Maybe I should take a step back and explain what I want to do in terms of the end goal and not a particular technique: I'm trying to implement dynamic lighting (not even with normal maps or anything, just drawing colored areas over my scenery, but I don't want to light the background.

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When you mentioned shadows, the first thing that came to my mind was this excellent game:

http://nothing-to-hide-demo.s3.amazonaws.com/index.html

 

There is a great tutorial on creating the shadow effect with raytracing. Maybe that's what you're up to?

Anyway it's always ncie to share great posts about html5 gaming insides :)

 

Here we go:

http://ncase.me/sight-and-light/

 

 

Regards George

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I mentioned shadows? ;) No, I don't want to do raytracing, it's more like tinting (except with screen or multiply, overlay etc)... No shadows! So thanks for the link, but that's not what I'm after.

 

I don't really know how to describe it, which is probably why my google-fu has failed me for techniques (I did find loads of stuff on the raycasting thing and stuff like sprite lamp, all very interesting but not what I was looking for). Perhaps I can better show it as a picture:

 

Hjcuchb.png

 

 

Oh, yeah, and it has to work in webGL :)

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I have currently implemented this functionality for static geometry/light in a most memory-hogging way (ie creating a new bitmapdata object for every triangle of scenery and lighting it separately), but that doesn't work for dynamic actors (not to mention dynamic lights) and I'm afraid it will not scale well when my levels grow large, as they eventually will. 

 

I was thinking about perhaps creating one viewport-sized texture, rendering the lights into it and then cutting out the stuff in front of the lights and wherever the background is visible with a mask of sorts. But I'm not super confident that this would be performant enough to do every frame, and as I mentioned in the original post, masking is tricky.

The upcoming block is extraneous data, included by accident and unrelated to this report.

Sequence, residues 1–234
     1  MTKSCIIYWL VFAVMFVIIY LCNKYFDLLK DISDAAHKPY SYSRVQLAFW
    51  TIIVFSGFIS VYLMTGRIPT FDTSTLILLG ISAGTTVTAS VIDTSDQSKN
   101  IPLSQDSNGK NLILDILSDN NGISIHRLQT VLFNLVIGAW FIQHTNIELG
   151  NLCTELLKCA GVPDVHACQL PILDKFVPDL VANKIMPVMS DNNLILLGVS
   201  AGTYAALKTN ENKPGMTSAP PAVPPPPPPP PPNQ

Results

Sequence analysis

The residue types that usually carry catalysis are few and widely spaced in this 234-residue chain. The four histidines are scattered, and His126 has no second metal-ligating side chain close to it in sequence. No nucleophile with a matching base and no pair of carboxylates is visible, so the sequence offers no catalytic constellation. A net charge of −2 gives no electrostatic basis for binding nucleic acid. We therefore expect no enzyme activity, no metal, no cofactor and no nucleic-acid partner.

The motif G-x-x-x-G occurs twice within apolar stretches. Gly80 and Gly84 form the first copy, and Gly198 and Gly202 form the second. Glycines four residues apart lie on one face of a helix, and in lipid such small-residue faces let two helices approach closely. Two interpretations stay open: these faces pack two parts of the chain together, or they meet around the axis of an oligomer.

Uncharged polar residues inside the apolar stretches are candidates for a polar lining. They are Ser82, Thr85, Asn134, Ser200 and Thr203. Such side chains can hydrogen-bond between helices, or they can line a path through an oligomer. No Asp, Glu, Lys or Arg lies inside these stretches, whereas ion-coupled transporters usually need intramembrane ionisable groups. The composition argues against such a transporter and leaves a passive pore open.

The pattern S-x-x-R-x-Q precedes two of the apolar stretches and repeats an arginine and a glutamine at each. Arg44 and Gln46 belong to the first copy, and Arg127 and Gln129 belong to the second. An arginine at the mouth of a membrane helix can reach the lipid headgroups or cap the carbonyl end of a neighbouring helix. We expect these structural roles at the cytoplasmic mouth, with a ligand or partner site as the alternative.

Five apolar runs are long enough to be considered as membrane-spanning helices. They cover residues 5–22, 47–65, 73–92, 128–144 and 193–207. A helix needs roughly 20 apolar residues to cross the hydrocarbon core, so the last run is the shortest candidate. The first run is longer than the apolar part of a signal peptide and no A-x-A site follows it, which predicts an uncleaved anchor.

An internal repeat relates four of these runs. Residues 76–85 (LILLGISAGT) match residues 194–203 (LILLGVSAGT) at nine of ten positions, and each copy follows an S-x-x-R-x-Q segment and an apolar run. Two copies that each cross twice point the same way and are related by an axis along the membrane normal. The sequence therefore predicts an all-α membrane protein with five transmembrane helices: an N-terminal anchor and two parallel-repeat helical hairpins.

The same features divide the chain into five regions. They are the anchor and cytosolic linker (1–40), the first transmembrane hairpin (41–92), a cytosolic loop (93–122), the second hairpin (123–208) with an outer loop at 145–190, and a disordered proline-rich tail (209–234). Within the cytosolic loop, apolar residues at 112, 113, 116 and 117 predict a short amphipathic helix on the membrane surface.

The other promising train of thought I had was to use filters/shaders, but I don't know the first thing about how to even get started on writing those.

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Sorry for that imagined shadow I've seen in your post :)

Your problem looks pretty easy at first glance. But after thinking about it, it's a nice problem to work on! I will look into this tomorrow. Would you mind providing me the four layers from your example. This would make my testing a little more convenient.

 

Regards

George

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Hey,

this is the current state. Nothing new yet. Still stuck with with the source-atop approach and not working in WebGL. But it's still a first step.

http://jsfiddle.net/georgie/wmba4976/2/embedded/result/

 

The first problem I wanted to solve is the interfering of the main canvas with the actual composition between the content and the light during rendering. My goal was to create an easy implementation to merge the content with the lights with whatever blend and compositing modes you want. I created a second canvas through PIXI.CanvasBuffer to accomplish this. The content and the lights are never rendered on the main canvas. Instead the second canvas does the stop and get displayed in the main canvas through a separate texture again. But it's not fully working as I want. You can't combine 'lighten' with 'source-atop' which I tried to fix in the first place with this. So I've created nothing but complex code until now :)